"Equivalence" demonstrated: Canon 5D and Panasonic GX1

Started Apr 27, 2013 | Discussions thread
Detail Man
Detail Man Forum Pro • Posts: 16,789
Addendum: Rough, Qualified Approximations Surrounding Settings

Detail Man wrote:

There are certain quantitative characteristics arising out of camera-lens system settings that are measurable (with varying degrees of complexity, for the most part not without aid of instrumentation).

Field of View - Easy to determine (but not as simple as Focal Length when focused at infinity).

Depth of Field - Possible to determine (but varies with any given individual viewers' visual acuity).

Diifraction - Intertwined with photosite aperture/pitch and AA filter in composite MTF response.

Signal/Noise Ratio - Possible to determine (but varies in perceived impact dependent upon the image itself, viewing conditions, and individual viewers, especially where it comes to periodic noise).


When we use simplified models that replace complex multi-element lens-systems with single, symmetrical thin lenses, a number of rough approximations are made when scaling settings.

(1) Effective Focal Length should be used instead of the Focal Length when focused at infinity.

(2) Scaling Focal Length as well as the F-Ratio by the ratio of the sensor Crop Factors ignores the fact that the Depth of Field (also) changes as a function of the ratio of the Camera (lens-system front nodal plane) to Subject (plane of focus) Distance to the Hyperfocal Distances involved - by an amount directly proportional to the ratio of the Focal Lengths of compared systems.

Therefore, the inter-format transformations made are only valid when the Camera to Subject Distance is substantially longer than the Focal Length, and are also only valid when the Camera to Subject Distance is substantially shorter than any of the Hyperfocal Distances involved.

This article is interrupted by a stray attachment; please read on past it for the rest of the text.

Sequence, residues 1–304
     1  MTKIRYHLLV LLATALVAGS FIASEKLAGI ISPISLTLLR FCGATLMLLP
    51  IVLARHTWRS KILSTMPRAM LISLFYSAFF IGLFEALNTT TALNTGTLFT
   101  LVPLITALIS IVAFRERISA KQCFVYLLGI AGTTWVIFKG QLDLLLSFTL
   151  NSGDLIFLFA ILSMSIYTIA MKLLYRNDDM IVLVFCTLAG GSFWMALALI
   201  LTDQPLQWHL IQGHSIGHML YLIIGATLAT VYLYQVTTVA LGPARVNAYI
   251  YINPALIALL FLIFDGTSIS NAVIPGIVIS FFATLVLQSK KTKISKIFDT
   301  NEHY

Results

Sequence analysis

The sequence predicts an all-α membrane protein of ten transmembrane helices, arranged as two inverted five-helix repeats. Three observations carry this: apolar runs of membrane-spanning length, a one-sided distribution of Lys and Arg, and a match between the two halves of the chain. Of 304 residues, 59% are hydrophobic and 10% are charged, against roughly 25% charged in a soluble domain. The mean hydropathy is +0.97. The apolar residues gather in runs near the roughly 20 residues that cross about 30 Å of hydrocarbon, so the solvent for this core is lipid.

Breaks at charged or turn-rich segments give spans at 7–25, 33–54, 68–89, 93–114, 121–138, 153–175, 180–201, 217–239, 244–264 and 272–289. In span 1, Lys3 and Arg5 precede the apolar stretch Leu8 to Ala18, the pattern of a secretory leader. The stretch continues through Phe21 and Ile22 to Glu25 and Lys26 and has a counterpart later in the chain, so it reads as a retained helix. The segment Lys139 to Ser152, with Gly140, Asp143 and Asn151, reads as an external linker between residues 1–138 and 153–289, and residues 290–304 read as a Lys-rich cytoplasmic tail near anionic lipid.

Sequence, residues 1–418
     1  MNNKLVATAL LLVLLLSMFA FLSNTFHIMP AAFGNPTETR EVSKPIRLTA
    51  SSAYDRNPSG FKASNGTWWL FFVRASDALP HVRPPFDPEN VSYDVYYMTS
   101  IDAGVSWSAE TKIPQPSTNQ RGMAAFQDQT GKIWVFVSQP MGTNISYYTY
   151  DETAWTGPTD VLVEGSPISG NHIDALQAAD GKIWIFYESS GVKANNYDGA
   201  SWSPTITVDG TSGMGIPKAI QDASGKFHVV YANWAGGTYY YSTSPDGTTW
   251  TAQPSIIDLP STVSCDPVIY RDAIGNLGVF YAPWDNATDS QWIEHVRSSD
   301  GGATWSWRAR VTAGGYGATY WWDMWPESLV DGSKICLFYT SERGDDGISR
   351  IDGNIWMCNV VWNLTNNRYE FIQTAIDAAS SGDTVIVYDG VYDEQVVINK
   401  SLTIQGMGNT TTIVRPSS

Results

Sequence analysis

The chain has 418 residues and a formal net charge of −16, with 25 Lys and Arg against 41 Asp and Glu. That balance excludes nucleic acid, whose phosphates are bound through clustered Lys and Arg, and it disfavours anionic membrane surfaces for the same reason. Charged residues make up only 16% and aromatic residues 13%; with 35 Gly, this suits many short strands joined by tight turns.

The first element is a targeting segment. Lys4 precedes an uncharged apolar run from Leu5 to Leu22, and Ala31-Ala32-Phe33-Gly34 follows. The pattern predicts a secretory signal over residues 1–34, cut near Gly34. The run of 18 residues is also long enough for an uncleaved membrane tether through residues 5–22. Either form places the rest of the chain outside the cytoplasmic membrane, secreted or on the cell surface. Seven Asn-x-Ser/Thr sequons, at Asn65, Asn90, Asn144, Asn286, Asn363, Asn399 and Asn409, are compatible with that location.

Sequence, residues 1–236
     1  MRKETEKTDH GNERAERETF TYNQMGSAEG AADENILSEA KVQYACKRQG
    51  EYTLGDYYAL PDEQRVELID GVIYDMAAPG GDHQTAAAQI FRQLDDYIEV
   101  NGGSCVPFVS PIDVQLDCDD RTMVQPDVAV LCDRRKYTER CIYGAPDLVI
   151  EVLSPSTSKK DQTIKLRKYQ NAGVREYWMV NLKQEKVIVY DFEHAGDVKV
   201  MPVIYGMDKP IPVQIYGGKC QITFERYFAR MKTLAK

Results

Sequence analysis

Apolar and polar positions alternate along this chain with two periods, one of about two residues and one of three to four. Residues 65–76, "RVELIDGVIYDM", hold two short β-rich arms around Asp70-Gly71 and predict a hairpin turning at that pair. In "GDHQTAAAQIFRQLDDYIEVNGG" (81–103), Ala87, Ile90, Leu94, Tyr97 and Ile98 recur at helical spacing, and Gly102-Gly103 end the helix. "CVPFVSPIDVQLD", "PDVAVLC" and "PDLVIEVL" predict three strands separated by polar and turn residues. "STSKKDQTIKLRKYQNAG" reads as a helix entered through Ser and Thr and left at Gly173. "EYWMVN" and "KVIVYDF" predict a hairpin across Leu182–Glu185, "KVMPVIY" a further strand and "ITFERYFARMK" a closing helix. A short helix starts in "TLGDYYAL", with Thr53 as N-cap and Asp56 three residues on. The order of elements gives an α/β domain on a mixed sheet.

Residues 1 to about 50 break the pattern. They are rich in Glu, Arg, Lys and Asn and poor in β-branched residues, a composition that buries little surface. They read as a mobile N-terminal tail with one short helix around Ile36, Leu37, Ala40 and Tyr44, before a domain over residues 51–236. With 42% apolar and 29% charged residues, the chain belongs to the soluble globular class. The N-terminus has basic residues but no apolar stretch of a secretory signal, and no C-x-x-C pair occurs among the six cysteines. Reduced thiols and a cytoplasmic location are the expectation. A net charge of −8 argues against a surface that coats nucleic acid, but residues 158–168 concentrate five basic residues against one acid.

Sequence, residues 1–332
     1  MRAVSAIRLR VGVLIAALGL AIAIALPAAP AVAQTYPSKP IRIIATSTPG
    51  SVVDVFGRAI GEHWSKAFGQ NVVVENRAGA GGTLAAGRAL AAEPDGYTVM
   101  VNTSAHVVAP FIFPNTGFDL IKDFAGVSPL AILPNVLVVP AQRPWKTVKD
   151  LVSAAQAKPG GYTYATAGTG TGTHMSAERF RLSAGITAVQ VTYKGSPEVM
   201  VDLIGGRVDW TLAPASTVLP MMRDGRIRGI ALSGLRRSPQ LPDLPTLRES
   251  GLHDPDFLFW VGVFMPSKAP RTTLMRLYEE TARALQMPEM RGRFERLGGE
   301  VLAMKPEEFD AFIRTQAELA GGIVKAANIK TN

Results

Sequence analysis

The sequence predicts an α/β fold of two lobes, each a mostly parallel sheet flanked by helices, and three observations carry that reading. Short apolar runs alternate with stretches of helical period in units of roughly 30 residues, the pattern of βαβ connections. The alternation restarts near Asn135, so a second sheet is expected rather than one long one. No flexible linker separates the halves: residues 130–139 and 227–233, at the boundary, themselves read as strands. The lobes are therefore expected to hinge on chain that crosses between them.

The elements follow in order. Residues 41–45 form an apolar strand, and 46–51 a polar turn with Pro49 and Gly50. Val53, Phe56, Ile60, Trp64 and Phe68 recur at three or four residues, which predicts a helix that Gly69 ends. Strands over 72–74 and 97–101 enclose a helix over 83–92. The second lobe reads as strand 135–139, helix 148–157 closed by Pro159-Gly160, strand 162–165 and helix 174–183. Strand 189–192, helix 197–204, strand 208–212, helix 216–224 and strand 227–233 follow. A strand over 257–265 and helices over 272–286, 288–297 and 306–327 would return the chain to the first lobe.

While it is true that in equal-framing (FOV) conditions (where Focal Length scales with the ratio of Crop Factors), and at any given Wavelength, diffraction (Airy disk) dimensions will also scale with Crop Factor (and thus represent the same proportional linear dimensions of the Image Sensor) ...

... the effects of diffraction upon the composite system MTF are nevertheless related to the product of Wavelength multiplied by F-Ratio (a spatial distance) as it compares to its combination (convolution) with the photosite aperture/pitch and AA filter beam-displacement ...

... and no increases in photosite density will make any difference in the composite system MTF at spatial frequencies at or beyond composite system MTF response extinction (existing at a spatial frequency equal to the reciprocal of the spatial dimension that is the product of Wavelength multiplied by F-Ratio).

The above relationship is somewhat more complicated in the case of a Bayer-arrayed/filtered Image Sensor - but remains one that is not fundamentally altered by increases in photosite density.

(3) The relationships of image-noise to sensor size are valid only for Photon Shot Noise when the relative Quantum Efficiencies are known and also factored-in. The additional element, that is ...

... Read Noise (even the entirely random, and not periodic components of), is design-specific in nature, and does appear to reliably follow simplistic assumptions regarding scaling with photosite geometries. Further, the magnitude of (input-referred) Read Noise as well as its (output-referred) proportion (relative to the maximum recorded or recordable peak level) is camera system specific, and is thus a complicated and individualized function of ISO settings.

Therefore, quite a bit of specific actual test-data and knowledge is required in order to meaningfully make such comparisons and assumptions surrounding Signal/Noise Ratio - and such numerical comparisons may not necessarily accurately reflect viewers' subjective perceptions.

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